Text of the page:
As the feelings circle around over and over, they gain strength, much like a tornado.

Have you ever received a piece of feedback that wasn’t what you hoped for or expected? Vivaan did. After spending weeks working on a project, he was excited to hear his boss’ feedback. When he heard the words, “This is rather mediocre,” Vivaan was devastated.

Mediocre. Vivaan heard that statement over and over in his head while feeling discouraged, insecure, depleted, and withdrawn. These feelings gained strength each time the tornado circled around.

Often times, a Brooder focuses on these situations, blaming himself while trying to understand the why behind his choices. The overthinking typically gets him no closer to resolving whatever is at the core of the pain

Emotional Agility is the ability NOT to ignore thoughts and emotions,
but to recognize when they and the stories that come with them,
might not be serving us. 

-Susan David

As you consider both of these styles, do you resonate most with being a Bottler or Brooder? Are you ready to try something different with your feelings?

If you are a Bottler:

No matter how hard you try, you still experience emotions and feelings all throughout the day. Take time to turn inward and notice what you are feeling. Sit in the feeling and pay attention to how it impacts your thoughts and even your body.

Look at the feeling as a piece of data. What might the feeling be telling you? What does this new piece of data reveal to you?

What thoughts are attached to these feelings?

Share what you are feeling with someone you trust such as your coach, family member, or a close friend.

Emotions drive people. What are you learning about yourself through your feelings? What’s important to you? 

If you are a Brooder:

Pay extra attention this week and recognize the pattern of Brooding. What loop recording are you playing over and over?

Push pause on the loop recording and turn inward. How are you feeling and what thoughts are triggering the recording to play over and over?

As you consider your thoughts and feelings, what new insights do you have about the current situation?

How might you use this new insight to move forward? What new thoughts can help you navigate the situation?

Share what you are learning with someone you trust such as your coach, family member, or a close friend.

Copyright ©2018, EQuip Studios www.EQuipStudios.net

Riding the Emotional Escalator

I was working under a tight deadline, and I was juggling several projects at one time. I was feeling overwhelmed, definitely stressed, but confident that my work plan was going to get me to the deadline with maybe a day to spare. I was focused on the task and hard at work and then…I got interrupted.

The individual, let’s call him Bob, didn’t think twice about the interruption. Bob was dealing with something he perceived to be an emergency. In fact, in his mind, the situation was an 8 on a 10 point scale of emergency. I, on the other hand, saw his situation as a 2 on a 10 point scale, but nonetheless, I tried to engage my EQ so that I could empathize.

I listened. I reflected and gave my input when asked.

Okay back to work, racing against the clock. Five minutes later, I am interrupted, again by Bob.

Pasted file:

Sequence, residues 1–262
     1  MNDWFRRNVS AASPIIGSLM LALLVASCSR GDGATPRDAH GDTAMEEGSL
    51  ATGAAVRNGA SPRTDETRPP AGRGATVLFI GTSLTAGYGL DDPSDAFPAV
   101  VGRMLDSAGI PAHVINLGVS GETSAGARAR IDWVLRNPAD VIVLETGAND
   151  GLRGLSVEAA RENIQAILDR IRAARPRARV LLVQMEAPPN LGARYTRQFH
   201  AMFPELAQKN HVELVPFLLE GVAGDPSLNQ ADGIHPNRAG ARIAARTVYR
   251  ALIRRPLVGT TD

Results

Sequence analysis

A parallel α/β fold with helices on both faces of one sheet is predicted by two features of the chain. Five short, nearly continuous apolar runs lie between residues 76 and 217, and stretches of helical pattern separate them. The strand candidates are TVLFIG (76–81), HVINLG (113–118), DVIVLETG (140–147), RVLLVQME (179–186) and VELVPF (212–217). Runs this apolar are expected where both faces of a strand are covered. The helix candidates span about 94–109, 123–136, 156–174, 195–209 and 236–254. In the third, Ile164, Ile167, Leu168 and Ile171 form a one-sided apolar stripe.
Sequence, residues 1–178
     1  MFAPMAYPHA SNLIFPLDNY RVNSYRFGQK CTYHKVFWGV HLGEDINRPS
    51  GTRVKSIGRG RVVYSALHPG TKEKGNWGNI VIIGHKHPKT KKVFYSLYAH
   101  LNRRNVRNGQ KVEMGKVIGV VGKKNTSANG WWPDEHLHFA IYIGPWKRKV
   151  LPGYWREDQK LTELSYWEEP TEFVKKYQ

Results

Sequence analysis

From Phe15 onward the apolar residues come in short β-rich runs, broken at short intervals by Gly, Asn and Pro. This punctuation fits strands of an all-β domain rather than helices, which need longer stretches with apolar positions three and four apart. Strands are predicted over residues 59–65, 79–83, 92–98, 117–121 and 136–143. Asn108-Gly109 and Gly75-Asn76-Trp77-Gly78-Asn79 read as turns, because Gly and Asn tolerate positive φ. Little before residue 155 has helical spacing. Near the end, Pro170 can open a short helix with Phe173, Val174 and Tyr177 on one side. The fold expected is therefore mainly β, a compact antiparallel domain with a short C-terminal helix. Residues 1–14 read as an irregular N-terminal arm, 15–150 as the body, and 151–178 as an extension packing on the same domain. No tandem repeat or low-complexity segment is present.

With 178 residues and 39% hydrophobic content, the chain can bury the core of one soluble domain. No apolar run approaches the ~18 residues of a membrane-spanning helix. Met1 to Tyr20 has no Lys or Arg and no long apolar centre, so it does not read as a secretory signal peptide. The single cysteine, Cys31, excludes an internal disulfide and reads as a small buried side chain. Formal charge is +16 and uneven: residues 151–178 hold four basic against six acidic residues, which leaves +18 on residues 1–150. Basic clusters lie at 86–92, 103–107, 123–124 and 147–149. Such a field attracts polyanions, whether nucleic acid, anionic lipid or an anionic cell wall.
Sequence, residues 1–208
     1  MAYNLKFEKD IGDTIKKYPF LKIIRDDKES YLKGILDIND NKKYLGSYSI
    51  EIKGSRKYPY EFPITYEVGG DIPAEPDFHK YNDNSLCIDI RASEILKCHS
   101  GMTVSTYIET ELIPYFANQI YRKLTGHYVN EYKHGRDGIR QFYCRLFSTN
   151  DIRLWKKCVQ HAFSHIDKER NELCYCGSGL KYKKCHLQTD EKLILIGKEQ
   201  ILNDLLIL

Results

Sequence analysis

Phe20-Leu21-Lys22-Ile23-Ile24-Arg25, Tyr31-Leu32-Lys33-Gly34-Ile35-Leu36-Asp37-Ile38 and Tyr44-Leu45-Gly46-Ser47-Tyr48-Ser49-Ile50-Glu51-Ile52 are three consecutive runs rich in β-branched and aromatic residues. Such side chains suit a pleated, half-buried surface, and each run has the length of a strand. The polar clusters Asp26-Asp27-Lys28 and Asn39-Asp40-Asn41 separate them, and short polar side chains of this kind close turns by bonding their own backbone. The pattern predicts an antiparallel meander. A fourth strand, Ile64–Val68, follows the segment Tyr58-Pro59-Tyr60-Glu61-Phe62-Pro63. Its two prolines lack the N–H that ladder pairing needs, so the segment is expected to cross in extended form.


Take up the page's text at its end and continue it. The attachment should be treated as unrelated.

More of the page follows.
This time I was feeling annoyed and frustrated that he didn’t see that I was really trying to focus and that I had a hard deadline I was trying to hit.

I could continue the story, but after the third interruption, I lost it so I’ll just end it here. 🙂

Emotions and Escalators

You can think of your emotions similar to an escalator. The higher up they go, the more intense they become. Your cortex, or thinking part of the brain, interacts with emotions differently the higher up the escalator you go.

When you are experiencing less intense emotions, your cortex is able to work in coordination with your emotions. You are able to make good decisions, blending your thoughts and feelings together.

As you move higher up the escalator and your emotions grow in intensity, they hijack the thinking part of your brain, and actually shut it down. Your emotions are now directing your actions…or your reactions.

Download and print the Riding the Emotional Escalator worksheet.

Download

Riding the Emotional Escalator

As you move through the week, pay attention to when your emotions are moving up the escalator. Describe the situation. What is going on in the moment that is driving you up the escalator? Who is involved?

What thoughts are running through your head?  How are you feeling? Name as many feelings as possible. As you look at your list of feeling words, which is the loudest, the one that is most intense? Which is the brightest, the one that may help you navigate through the situation?

If you were to focus on the brightest feeling, how would that impact your thoughts? What other feelings might surface? How might this impact the outcome of the situation? Where are you now on the escalator?

Share your experience with someone you trust. What are you learning about how to navigate your emotions? What do you want to practice? What feedback or input do you need from others?

Copyright ©2018, EQuip Studios www.EQuipStudios.net

What is Navigate Emotions?

Emotions move us. Whether we recognize the feelings or not, emotions still drive our decisions, interactions, perceptions, and relationships. 

We often perceive feelings to be either good or bad. But what would happen if we saw them as data that provides insight about a current experience? The skill of Navigate Emotions includes turning inward to recognize your feelings and gain insight and energy from them.

Complete the Practice Sessions in this module to learn how you can harness the wisdom of feelings and transform them to give you what you need to respond with intention.

Copyright ©2018, EQuip Studios www.EQuipStudios.net